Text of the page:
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What Does The Electoral College Do?

Electoral College member Christopher Tumbeiro, right, passes a ballot to Gwen Regalia, before the votes were taken for president and vice president, at the Capitol in Sacramento, Calif., Monday, Dec. 17, 2012. (Rich Pedroncelli/AP)
Electoral College member Christopher Tumbeiro, right, passes a ballot to Gwen Regalia, before the votes were taken for president and vice president, at the Capitol in Sacramento, Calif., Monday, Dec. 17, 2012. (Rich Pedroncelli/AP)

Voters go to the polls on Nov. 8. But the 538 members of the Electoral College vote on Dec. 19.

They’re supposed to follow the popular vote, but there’s always a chance a few might not. And what happens if Donald Trump and Hillary Clinton are tied?

Political scientist Kyle Dell joins Here & Now‘s Robin Young for a refresher on the Electoral College, and how members of Congress might break a potential tie.

Interview Highlights: Kyle Dell

On the Electoral College’s function

“I think the Electoral College system still acts as somewhat of a brake on someone rising too quickly or someone without the kind of requisite testing, right. It really does push candidates, as an example, into places in this country and into different places across the country that they otherwise wouldn’t go if we were just having a one-day, count-all-the-votes, nationwide popular vote.”

On how electors are selected

“The electors are going to be selected by state-level parties. So, in states like Massachusetts or my state of North Carolina, the Democratic Party and the Republican Party would select what are called a ‘slate of electors.’ These are generally party loyalists, people whose trust is kind of beyond reproach, because when the votes are actually cast, that slate of electors really needs to cast the right vote in order to have that reflect the popular vote that happened in that state.”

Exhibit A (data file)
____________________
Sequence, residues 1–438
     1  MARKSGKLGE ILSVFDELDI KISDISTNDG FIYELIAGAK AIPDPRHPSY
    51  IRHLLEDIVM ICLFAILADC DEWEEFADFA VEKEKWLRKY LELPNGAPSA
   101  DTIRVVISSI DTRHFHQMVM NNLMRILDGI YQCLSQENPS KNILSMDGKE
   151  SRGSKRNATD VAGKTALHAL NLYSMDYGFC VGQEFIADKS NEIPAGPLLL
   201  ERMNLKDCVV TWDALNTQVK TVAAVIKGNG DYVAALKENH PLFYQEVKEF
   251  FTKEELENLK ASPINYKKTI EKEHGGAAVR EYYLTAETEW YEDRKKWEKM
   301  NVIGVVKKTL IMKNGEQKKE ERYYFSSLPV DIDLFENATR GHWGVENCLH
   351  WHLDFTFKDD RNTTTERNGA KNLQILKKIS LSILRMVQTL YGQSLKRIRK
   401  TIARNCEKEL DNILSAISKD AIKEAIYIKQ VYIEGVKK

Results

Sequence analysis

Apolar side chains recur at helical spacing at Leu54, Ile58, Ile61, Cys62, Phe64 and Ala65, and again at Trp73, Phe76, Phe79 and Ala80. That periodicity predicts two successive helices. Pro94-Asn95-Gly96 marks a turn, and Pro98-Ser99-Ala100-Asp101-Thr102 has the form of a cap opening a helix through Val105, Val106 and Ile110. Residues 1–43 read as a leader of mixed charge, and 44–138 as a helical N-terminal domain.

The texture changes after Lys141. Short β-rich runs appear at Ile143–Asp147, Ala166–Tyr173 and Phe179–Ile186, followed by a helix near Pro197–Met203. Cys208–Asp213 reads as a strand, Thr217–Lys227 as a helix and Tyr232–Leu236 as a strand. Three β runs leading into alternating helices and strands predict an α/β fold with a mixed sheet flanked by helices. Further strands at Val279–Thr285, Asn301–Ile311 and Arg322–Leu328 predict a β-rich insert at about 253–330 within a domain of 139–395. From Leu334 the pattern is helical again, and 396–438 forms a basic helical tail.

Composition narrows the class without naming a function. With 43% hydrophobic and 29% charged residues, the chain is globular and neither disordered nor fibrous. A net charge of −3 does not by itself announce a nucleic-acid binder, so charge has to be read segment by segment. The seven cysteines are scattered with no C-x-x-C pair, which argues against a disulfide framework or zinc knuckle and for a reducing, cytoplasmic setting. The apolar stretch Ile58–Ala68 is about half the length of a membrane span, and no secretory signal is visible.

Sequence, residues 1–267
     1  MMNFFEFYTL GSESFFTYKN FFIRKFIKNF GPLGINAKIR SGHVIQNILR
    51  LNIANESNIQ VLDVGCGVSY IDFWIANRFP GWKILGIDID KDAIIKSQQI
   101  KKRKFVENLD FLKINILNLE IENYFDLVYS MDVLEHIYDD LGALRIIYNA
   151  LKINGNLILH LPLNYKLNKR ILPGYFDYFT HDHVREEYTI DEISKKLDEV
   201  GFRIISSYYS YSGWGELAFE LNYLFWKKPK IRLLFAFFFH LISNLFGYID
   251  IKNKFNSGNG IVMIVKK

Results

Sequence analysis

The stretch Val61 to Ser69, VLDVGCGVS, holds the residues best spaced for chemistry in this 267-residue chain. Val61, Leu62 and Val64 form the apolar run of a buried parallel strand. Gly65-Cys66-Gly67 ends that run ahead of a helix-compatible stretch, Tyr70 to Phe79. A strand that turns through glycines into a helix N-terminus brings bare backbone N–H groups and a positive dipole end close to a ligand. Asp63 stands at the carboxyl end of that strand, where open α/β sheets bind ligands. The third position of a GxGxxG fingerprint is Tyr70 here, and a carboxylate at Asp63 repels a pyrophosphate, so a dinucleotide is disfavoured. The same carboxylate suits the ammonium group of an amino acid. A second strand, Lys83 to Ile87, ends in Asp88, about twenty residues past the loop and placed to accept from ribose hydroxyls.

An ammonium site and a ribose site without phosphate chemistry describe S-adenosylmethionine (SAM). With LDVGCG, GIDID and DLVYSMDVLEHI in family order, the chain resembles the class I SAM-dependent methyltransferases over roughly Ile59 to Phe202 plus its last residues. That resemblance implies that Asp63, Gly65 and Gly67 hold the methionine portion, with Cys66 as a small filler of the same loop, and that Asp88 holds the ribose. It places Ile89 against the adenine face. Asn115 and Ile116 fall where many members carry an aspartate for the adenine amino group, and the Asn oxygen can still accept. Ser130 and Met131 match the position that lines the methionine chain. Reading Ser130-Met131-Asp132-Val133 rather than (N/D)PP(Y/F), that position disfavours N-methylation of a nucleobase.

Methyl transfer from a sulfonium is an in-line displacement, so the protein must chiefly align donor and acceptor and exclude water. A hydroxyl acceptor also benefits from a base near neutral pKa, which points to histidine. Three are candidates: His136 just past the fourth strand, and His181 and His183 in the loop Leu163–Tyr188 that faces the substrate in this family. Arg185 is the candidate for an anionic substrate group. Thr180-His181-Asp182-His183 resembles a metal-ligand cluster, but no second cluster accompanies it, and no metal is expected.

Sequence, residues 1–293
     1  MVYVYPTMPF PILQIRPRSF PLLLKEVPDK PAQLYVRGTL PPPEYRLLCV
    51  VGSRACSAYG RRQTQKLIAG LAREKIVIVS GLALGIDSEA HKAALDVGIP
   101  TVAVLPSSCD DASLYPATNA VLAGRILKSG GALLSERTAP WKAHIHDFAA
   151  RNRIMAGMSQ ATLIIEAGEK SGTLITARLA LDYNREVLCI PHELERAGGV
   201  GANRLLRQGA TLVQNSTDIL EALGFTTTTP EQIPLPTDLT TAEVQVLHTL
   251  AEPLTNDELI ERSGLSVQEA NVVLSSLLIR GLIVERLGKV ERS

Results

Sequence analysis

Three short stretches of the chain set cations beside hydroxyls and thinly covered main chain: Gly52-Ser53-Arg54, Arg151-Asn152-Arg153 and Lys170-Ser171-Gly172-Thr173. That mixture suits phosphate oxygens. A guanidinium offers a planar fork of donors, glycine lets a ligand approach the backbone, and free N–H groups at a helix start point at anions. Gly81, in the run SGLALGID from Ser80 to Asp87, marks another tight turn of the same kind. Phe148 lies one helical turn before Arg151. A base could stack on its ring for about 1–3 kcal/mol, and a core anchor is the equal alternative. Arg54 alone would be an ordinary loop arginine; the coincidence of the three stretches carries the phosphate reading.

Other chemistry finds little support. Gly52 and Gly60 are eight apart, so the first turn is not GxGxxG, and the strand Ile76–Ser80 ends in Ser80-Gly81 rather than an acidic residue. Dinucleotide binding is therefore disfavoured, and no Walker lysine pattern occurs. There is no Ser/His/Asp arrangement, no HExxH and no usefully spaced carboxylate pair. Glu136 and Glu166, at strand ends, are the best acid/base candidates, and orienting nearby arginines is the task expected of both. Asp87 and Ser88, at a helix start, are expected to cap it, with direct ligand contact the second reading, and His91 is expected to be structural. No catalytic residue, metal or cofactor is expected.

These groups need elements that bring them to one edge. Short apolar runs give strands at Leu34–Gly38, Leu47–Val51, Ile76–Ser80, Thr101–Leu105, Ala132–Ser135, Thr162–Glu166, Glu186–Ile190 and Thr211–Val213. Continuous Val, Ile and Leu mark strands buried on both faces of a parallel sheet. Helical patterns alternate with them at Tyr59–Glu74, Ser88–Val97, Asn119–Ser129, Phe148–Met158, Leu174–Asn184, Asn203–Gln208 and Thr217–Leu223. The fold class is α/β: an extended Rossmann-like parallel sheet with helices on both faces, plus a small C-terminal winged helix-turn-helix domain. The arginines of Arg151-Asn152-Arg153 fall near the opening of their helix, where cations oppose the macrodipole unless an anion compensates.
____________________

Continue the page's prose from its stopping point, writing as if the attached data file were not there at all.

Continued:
On the potential for ‘faithless electors’

“You had, up until a few years ago, the state of Minnesota, actually, the electors were casting their ballots in secret. The challenge there, of course, is that that could promote an elector who would be considered what we would call today a ‘faithless elector,’ changing his or her vote to a different candidate. So, it’s a process that has changed over time, and the goals of the Electoral College, I think, have changed over time. But I think you still have this as sort of an intermediary body between the voters at large and then inauguration day.”

On comparing the Electoral College vote and the popular vote

“There can be this gap between the popular vote and the Electoral College vote. When the gap is in the favor of the winning candidate, it actually enhances what can appear to be a landslide election. Most of our recent presidential elections have been fairly close in the popular vote, but have been real landslides in the Electoral College. That may make new president-elects overconfident in the popularity of their agenda, but it does convey a certain level of democratic soundness, of a voice of the people, of a democratic mandate that we might not otherwise have if we have an election that’s just a popular election and there’s only maybe two or three percentage points difference.”

On the Electoral College in this year’s election

“I think it would be interesting to sit down and to actually kind of model out to see how many states really are in play, how many states still allow their electors that level of discretion. If the electors ended up exercising their discretion in that way — some would say, bravely, in that way — that would really be without precedent within anyone’s lifetime that’s voting today.

“Conceivably, the Electoral College could be a backup plan working with the political parties to say there’s something that wasn’t known that disqualifies a candidate, or, there’s something that happened to a candidate. We saw just this weekend renewed concerns about the health of Hillary Clinton. Well, we have two, by all measures, two very old presidential candidates in comparison to the historic norm. You start to look to, ‘OK, what’s the backup system? What would the plan B be?’ ”


Kyle Dell, political science professor at Guilford College and vice president of the board of directors at Vote Smart, a non-profit and nonpartisan elections research organization. He tweets @DrKDell.

Copyright 2021 NPR. To see more, visit https://www.npr.org.

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